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Michelle Zhuang says the idea for a new zine highlighting the young Asian-American experience came to them in a flash.
“I was waiting for Mariel [Rodriguez, a fellow artist], and I thought, ‘What if we made comics featuring people who looked like us for people who looked like us?” Zhuang, a student at the Rhode Island School of Design, told NBC News. They immediately told Rodriguez about the idea as the pair walked the campus. Rodriguez was equally enthusiastic.
“It’s something I wanted to do for a long time, but I just hadn’t had the chance,” Rodriguez said.
Together with fellow illustration majors Hanna Cha and Jean Wei, the group began discussing and expanding on the idea that would become “Permanent Alien,” a comic anthology available in digital format now and in print soon.
Once they came up with the name “Permanent Alien,” the group knew it would be an instant conversation starter. “It came about because it is the status of Asian Americans. It doesn’t matter what you do or where you are from,” Rodriguez said. “You’re still seen as foreign.”
Through sharing personal stories and illustrating the experiences of peers, the zine tackles some of the biggest problems facing Asian Americans today. “We really wanted to focus on different parts of Asian-American identity and we all had different experiences as Asian Americans,” Cha, who like the rest of the group is currently a college senior, said.
Themes covered in the comics include racism, anti-blackness in immigrant families, stigmas against mental illness, and assimilation. “I feel like mental illness and abuse are often overlooked and people say, ‘Oh, that’s normal,’" Zhuang said. "But it’s not normal and I didn’t realize that until college.”
As the quartet began talking about what the zine would look like, they decided to approach one of their professors about turning their idea into an independent study project. They then began selling their own art, and pre-orders to their fellow students at RISD’s annual zine sale in order to fund production costs.
“We emphasized we weren’t looking at profits,” Cha said. Cha and the others readily admit that they were both surprised and pleased by the response once they put their pre-order link online. “I think we were really scared that no one would want to buy it, but it really has resonated.”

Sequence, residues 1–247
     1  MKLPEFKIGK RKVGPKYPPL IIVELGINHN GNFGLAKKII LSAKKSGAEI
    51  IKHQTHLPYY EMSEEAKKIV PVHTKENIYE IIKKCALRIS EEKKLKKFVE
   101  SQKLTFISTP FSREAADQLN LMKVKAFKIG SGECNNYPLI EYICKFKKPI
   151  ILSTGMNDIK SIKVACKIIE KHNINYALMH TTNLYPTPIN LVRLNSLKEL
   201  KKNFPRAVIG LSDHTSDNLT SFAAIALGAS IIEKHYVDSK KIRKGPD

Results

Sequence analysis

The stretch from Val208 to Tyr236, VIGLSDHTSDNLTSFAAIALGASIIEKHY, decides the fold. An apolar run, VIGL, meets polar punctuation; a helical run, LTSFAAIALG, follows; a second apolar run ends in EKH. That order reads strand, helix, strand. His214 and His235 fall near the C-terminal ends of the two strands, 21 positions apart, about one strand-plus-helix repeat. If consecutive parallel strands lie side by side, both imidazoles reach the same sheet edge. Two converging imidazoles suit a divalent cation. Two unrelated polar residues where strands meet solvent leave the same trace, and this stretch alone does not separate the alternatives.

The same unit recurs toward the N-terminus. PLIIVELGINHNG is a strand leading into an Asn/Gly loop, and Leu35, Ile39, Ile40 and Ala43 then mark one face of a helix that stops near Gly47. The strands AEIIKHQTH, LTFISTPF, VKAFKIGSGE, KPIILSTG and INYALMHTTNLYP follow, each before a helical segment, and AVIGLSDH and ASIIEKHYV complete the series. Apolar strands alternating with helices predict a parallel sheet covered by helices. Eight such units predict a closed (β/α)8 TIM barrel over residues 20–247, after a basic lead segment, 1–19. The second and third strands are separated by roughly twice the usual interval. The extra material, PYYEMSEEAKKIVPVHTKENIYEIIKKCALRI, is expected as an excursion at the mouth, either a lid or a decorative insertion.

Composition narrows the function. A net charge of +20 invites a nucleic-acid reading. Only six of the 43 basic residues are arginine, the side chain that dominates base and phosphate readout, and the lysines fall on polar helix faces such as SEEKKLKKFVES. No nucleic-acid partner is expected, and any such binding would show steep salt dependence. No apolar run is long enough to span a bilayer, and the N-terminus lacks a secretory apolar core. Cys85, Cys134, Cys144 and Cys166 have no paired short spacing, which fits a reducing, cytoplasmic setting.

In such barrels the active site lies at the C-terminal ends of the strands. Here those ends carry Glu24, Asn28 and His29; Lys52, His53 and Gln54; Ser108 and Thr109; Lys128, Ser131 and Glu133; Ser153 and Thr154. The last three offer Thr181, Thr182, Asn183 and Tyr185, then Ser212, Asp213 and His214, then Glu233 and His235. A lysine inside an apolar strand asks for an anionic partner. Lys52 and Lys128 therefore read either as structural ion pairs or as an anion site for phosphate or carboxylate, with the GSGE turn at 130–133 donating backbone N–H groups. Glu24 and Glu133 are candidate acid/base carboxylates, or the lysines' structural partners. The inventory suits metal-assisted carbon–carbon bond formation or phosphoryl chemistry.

“I knew there was a demand for comics like this, I didn’t realize how much though.”
The group said they knew that they were on to something while watching people react to Jean Wei’s comic Nian Gao (or New Year’s Cake) at the zine fair. The semi-autobiographical piece follows a school age girl who brings the traditional Chinese dessert to a school potluck. After watching her mother carefully prepare the cake, she is distressed and embarrassed when no one eats a slice except for her.
“People kept staring at it and shouting ‘That happened to me.’ ‘That happened to me,” Rodriguez recalled. “I knew there was a demand for comics like this. I didn’t realize how much though.”
Anecdotes like that one speak to the larger conversation currently going on in the world of comics and publishing about the need to showcase more diverse voices. “I guess in terms of mainstream comics, for sure it’s male dominated,” Wei said. “But self-published comics are really where the line is pushed.”
Cha adds that other aspiring artists should not be afraid to venture into the world of independent publishing.
“One thing that I learned was that getting content out there wasn’t as hard as I thought it would be,” she said. “I’m not intimidated anymore.”